Thursday, December 20, 2007

Edison Privately Demonstrates Incandescent Light Bulb

It was on this day in 1879 that Edison demonstrated his incandescent light bulb.
The incandescent light bulb is a source of artificial light that works by incandescence. An electrical current passes through a thin filament, heating it until it produces light. The enclosing glass bulb prevents the oxygen in air from reaching the hot filament, which otherwise would be destroyed rapidly by oxidation.

Most people would immediately claim that Thomas Edison invited the light bulb or what is called the incandescent light. The fact is Thomas Edison invented the first practical incandescent light. Prior to Edison’s contribution, the incandescent light was of little value outside of being a novelty. Edison perfected the research and produced a light that could enjoy everyday use.
In 1802 Humphry Davy had what was then the most powerful battery in the world at the Royal Institution of Great Britain. In that year, he created the first incandescent light by passing the current through a thin strip of platinum, chosen because the metal had an extremely high melting point. It was not bright enough nor did it last long enough to be practical,
Others continued making improvements over the years. In 1809, Davy created the first arc lamp by making a small but blinding electrical connection between two charcoal rods connected to a 2000 cell battery. Demonstrated to the Royal Institution in 1810, the invention came to be known as the Arc lamp.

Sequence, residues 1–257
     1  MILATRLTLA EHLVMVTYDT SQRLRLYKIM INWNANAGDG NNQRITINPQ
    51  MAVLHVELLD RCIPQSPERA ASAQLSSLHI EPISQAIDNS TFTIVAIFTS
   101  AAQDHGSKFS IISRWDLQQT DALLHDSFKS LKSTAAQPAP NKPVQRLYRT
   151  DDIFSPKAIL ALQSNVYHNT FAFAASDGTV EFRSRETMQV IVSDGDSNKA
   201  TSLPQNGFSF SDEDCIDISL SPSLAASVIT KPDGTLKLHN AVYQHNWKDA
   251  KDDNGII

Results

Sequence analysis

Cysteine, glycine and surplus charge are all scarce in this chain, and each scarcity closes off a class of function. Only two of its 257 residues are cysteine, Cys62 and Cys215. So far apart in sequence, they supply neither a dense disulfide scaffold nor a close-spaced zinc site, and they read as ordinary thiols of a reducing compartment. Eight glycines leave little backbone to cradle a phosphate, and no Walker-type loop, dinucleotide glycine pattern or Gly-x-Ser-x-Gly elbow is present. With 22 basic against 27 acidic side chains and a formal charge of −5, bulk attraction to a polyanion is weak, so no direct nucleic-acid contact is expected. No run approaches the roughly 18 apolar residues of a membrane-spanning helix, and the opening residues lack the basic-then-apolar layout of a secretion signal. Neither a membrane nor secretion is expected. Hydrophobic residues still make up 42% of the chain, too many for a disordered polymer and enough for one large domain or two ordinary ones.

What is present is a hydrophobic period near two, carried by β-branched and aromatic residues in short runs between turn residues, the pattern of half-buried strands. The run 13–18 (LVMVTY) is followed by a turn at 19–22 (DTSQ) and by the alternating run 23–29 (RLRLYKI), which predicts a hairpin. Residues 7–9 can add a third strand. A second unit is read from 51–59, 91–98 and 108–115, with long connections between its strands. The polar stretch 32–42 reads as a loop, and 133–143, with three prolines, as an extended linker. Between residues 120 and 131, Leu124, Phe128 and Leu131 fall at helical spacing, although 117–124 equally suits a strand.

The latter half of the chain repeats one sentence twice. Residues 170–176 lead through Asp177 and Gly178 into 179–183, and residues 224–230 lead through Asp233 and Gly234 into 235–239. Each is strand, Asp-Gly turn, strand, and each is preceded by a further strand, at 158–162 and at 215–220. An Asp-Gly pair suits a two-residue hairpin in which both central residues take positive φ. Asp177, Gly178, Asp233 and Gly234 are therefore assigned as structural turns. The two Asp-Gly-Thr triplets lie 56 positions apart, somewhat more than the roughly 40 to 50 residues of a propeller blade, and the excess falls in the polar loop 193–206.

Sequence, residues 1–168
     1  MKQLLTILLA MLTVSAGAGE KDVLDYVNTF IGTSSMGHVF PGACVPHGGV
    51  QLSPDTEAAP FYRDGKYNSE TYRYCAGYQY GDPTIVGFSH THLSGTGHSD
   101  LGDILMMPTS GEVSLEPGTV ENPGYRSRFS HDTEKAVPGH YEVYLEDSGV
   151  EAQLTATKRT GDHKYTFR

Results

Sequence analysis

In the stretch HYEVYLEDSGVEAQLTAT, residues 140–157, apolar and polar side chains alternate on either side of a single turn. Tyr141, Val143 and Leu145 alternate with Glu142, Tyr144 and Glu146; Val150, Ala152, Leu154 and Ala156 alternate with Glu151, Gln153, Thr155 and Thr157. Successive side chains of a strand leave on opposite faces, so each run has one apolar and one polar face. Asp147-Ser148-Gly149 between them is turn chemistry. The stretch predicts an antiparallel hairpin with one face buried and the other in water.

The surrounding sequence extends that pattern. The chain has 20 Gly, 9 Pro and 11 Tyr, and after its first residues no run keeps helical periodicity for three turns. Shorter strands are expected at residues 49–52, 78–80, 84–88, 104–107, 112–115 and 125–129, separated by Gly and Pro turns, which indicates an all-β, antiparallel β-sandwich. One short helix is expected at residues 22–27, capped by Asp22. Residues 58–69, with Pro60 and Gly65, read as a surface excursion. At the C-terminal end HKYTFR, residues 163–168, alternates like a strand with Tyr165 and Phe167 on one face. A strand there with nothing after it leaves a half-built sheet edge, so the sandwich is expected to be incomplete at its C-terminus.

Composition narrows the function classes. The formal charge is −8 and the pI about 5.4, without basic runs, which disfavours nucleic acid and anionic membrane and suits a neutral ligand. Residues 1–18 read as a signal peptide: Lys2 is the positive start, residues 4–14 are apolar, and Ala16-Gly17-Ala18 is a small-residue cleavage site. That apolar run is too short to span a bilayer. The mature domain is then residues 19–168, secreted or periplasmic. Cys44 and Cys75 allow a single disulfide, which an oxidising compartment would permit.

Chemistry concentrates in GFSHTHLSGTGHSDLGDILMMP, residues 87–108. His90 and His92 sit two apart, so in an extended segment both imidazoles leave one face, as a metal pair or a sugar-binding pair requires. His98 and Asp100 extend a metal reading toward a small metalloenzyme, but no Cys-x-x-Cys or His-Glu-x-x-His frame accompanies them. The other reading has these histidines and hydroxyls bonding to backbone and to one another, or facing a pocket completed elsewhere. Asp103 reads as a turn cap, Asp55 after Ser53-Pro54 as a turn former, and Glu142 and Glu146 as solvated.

In 1835, James Bowman Lindsay demonstrated a constant electric light at a public meeting in Dundee, Scotland. He stated that he could "read a book at a distance of one and a half feet".
In 1840, British scientist Warren de la Rue enclosed a platinum coil in a vacuum tube and passed an electric current through it.

In 1841 Frederick de Moleyns of England was granted the first patent for an incandescent lamp.
In 1845 American John Wellington Starr acquired a patent for his incandescent light bulb involving the use of carbon filaments.

In 1851 Jean Eugène Robert-Houdin publicly demonstrated incandescent light bulbs on his estate in Blois, France. His light bulbs are on permanent display in the museum of the Chateau of Blois.

In 1872 Alexander Nikolayevich Lodygin invented an incandescent light bulb. In 1874 he obtained a patent for his invention.

However, there are claims that Lewis Latimer, a black inventor was the actual inventor of the light bulb and received a patent for his "invention" in 1882.

However, 2 years before Latimer’s patent, there were already countless patents for incandescent light bulbs, of which over 50 were submitted by Thomas Edison.

Latimer’s inventions were never used except within the Hiram Maxim's company where Latimer worked at the time. Later (1884) he would work for Thomas Edison, primarily as a draftsman and an expert witness in patent litigations.

Montclair State University in New Jersey has announced that it is establishing an undergraduate minor in Gay, Lesbian, Bisexual, Transgender and Queer studies.

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APRIL 4-6, 2008
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